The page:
Porter v. State

Annotate this Case

709 S.W.2d 213 (1986)

Terry Lynn PORTER, Appellant, v. The STATE of Texas, Appellee.

No. 490-85.

Court of Criminal Appeals of Texas, En Banc.

May 7, 1986.

*214 Robert T. Baskett, Dallas, for appellant.

Henry Wade, Dist. Atty. and Kathi Alyce Drew, Charles Mitchell and Bob Phillips, Asst. Dist. Attys., Dallas, Robert Huttash, State's Atty., Austin, for the State.

Before the court en banc.

OPINION ON APPELLANT'S PETITION FOR DISCRETIONARY REVIEW

MILLER, Judge.

Appellant was charged with rape, alleged to have been committed on August 22, 1983.[1] A trial before a jury was held, and appellant was found guilty. The trial court assessed punishment at twenty years confinement in the Texas Department of Corrections.

Appellant appealed his conviction, and the case was transferred to the Eleventh District Court of Appeals, alleging seven grounds of error. The Court of Appeals affirmed the conviction in an unpublished opinion, Porter v. State, No. 11-84-152-CR, delivered March 14, 1985. Appellant petitioned this Court for discretionary review, which we granted to consider four grounds for review. We will reverse the case on the basis of appellant's first two grounds for review, which allege respectively that: *215 the Court of Appeals erred in finding that a jury instruction in the language of Art. 38.03, V.A.C.C.P., was a sufficient substitute for a requested instruction limiting the jury's consideration of extraneous offenses; and, the Court of Appeals erred in holding that a limiting instruction was not required.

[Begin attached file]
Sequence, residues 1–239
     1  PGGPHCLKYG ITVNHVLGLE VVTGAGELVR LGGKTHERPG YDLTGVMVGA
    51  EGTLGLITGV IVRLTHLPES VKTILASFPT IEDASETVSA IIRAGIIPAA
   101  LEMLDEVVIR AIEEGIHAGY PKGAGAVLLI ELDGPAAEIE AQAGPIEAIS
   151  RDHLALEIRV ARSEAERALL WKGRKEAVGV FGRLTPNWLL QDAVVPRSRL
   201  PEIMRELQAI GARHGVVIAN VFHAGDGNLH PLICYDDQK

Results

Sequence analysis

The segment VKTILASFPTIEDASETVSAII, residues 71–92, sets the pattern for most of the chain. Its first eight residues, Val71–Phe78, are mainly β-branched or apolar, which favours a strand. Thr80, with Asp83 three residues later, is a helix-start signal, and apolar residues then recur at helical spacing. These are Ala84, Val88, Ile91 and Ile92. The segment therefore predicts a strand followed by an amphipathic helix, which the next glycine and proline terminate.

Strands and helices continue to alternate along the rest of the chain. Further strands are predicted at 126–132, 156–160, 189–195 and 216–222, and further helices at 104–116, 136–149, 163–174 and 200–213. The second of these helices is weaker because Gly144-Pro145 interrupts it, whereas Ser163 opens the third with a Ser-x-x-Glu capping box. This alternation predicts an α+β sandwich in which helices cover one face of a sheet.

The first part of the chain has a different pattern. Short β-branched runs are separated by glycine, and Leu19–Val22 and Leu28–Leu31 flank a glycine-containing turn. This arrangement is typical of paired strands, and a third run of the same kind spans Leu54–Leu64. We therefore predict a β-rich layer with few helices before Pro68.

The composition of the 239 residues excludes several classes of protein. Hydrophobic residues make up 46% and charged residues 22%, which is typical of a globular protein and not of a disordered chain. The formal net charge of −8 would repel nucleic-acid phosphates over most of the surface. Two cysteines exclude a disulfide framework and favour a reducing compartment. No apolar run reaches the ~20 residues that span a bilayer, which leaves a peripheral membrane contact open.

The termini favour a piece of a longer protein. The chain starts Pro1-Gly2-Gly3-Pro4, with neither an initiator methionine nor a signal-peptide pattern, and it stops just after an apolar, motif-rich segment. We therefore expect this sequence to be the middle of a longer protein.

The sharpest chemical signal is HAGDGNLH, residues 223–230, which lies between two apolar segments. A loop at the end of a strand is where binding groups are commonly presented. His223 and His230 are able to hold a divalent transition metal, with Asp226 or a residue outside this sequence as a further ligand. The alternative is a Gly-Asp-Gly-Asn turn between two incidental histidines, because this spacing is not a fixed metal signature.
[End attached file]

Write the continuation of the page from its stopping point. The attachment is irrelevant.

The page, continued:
In order to address these grounds, a brief recitation of the pertinent facts is necessary. At trial, appellant took the stand in his own defense. He testified that he had been in a lot of trouble in California. When appellant's attorney asked appellant in what type of trouble he had been in California, appellant stated that he had been charged with "pimping and pandering," and had entered a no-contest plea.

On cross-examination by the State's attorney, appellant admitted that he had been arrested for attempted murder and received 36 months probation, arrested for assault with a deadly weapon and received 36 months probation, arrested for possession of a billy club and received 24 months probation, arrested for kidnapping and rape (the charges were dismissed), arrested for burglary, and arrested for receiving stolen property. Appellant conceded that he had been in "an awful lot of trouble."